Staying Organized Using Ableton File Browsers

Sometimes a simple feature like the file browser can make a program a veritable hot bed for creative expression. Learn how Ableton's file browser can free up your left brain today!  

It’s funny how some of the most innocuous features within a piece of software can sometimes wind up being the functions that you rely on the most. Layers in Photoshop, for example. The first time the concept was introduced to you, you might have though, “I don’t need that for making a simple picture!”

Yet, years later, now that you’re a Photoshop pro, you probably use layers more than ever. In fact, you probably couldn’t imagine working without them!

The file browsers in Ableton are very similar in their immediate appeal. At first, you really don’t see why you need them. But, as time passes on, you wonder how you ever worked in a DAW without them. 

In this article, I’d like to give you a good idea as to why this feature within Ableton is so cool, and why you’ll want to make good use of File Browsers. 


What are File Browsers?

Ableton has three file browser panes that can be set to stay at three different locations on your hard drive. These panes can be accessed from the far left hand side of the interface with buttons that are numbered 1-3 and resemble small folders.

what are file browsers?


The beauty of the browsers is that, if you set them up, you have easy access to audio loops, songs, MIDI, and even video that you may use for whatever production you’re working on.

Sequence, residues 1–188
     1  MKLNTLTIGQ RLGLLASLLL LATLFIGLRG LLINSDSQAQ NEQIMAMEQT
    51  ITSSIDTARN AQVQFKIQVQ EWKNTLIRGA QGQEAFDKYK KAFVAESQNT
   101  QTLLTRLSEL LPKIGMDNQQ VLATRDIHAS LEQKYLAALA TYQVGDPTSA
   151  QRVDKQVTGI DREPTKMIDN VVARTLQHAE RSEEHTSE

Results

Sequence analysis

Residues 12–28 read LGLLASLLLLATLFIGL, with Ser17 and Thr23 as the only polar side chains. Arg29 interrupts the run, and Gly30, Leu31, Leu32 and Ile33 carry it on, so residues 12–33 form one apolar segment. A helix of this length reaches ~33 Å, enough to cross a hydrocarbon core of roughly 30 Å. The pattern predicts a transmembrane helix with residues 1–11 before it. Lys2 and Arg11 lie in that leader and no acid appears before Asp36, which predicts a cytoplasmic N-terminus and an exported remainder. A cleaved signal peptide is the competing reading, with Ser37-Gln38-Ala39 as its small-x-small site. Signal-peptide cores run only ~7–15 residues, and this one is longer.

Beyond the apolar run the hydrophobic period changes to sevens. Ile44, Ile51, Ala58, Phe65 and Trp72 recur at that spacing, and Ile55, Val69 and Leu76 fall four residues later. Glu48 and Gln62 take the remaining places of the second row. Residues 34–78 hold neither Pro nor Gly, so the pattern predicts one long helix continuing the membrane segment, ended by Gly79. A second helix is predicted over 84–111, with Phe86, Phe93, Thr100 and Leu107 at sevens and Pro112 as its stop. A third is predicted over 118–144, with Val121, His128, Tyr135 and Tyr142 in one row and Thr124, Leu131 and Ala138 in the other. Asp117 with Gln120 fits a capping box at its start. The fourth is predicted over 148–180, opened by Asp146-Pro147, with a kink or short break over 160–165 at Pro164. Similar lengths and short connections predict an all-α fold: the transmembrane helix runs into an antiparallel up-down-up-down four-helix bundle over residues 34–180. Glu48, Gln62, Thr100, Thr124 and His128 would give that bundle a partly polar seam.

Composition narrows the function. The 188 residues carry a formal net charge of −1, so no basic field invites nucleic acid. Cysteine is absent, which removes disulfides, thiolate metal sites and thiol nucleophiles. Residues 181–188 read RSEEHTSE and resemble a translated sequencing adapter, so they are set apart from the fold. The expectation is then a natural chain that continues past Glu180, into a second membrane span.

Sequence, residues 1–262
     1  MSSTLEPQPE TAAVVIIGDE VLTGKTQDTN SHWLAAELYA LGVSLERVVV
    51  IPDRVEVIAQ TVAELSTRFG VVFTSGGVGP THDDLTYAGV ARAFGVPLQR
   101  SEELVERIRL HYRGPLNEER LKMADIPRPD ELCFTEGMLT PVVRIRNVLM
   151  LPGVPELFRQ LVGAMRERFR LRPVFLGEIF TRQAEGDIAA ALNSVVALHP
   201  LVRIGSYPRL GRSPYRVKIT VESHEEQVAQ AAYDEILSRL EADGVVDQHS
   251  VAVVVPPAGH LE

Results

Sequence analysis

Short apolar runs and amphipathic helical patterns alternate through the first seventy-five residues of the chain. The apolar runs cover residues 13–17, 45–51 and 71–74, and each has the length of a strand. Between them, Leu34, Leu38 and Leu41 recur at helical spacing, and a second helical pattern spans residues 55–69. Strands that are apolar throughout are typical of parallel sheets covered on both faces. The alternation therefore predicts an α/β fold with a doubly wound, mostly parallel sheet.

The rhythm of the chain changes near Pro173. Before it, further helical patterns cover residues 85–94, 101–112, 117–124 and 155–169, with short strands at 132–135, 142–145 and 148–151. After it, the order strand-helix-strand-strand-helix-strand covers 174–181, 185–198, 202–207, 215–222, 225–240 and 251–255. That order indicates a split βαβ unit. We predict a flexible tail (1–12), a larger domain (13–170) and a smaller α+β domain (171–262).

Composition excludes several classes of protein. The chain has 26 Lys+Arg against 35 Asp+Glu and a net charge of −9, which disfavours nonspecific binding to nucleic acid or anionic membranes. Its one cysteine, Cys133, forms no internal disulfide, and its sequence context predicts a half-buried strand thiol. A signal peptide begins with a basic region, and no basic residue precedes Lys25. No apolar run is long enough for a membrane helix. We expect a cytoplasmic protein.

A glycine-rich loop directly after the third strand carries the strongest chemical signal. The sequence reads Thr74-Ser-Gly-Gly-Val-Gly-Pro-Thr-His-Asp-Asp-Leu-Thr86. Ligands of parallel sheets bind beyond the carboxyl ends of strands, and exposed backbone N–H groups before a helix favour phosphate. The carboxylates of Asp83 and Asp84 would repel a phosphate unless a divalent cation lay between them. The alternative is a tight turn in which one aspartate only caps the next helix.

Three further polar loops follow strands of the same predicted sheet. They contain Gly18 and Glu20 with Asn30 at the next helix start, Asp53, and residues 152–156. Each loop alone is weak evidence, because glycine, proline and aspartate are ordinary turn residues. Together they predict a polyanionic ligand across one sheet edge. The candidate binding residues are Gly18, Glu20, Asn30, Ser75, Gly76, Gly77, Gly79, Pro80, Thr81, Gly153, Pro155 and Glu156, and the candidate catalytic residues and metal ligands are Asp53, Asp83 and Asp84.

I, generally, have one browser set up for: 

  • Drum loops
  • Audio FX
  • Synth Samples

From time to time, however, I’ll need to switch my folder target. Say, for example, I’m going to make a mashup. Well, in this case, I’d need to access a part of my drive that has my music library. In cases like this, I’d move towards my iTunes library. Though, there are some limitations to this. Let’s see how this can be done now.


Navigating with the Ableton File Browsers

Let’s say that the iTunes library is my preferred target because it has an old song with a really cool drum section I’d like to use. I’ll use File Browser 1, which is already chosen in the picture below as my starting point by clicking on its button.

Once I’m in File Browser 1, I’ll locate the Music Folder on my hard drive....

locating the hard drive


I’ll double-click on the Music folder, which contains my iTunes library. Don’t worry, this is true of all Macs by default... unless you changed the location of your iTunes library. In this case, you’ll need to find it. 

Next, I’ll enter the iTunes folder, and locate the iTunes Music folder, where all of my songs are. This is where Apple makes it easy on you, as the folders within will all be in alphabetical order by artist. This is especially handy if you’re a DJ, because your catalog of music is now right at your finger tips, and readily available every time you select the Browser 1 button. 

Music at your finger tips


Now, remember, there are still two browsers left that you can direct to other locations on your hard drive that you access often, and once you’ve directed them there, they will maintain this location from song to song. 

Using both browsers


It’s also important to note that you can also cannibalize your own songs too. Live keeps all of your recorded files in a folder, MIDI and so on. You can use File Browsers to help you mix and match parts of your songs!


Sound Designer, Musician, Author... G.W. Childs has worn many hats. Beginning in the U.S. Army back in 1991, at the age of 18, G.W. began learning electronics, communications and then ultimately audio and video editing from the Department of Defense. Upon leaving the military G.W. went on to work for many exciting companies like Lu... Read More

Discussion

Want to join the discussion?

Create an account or login to get started!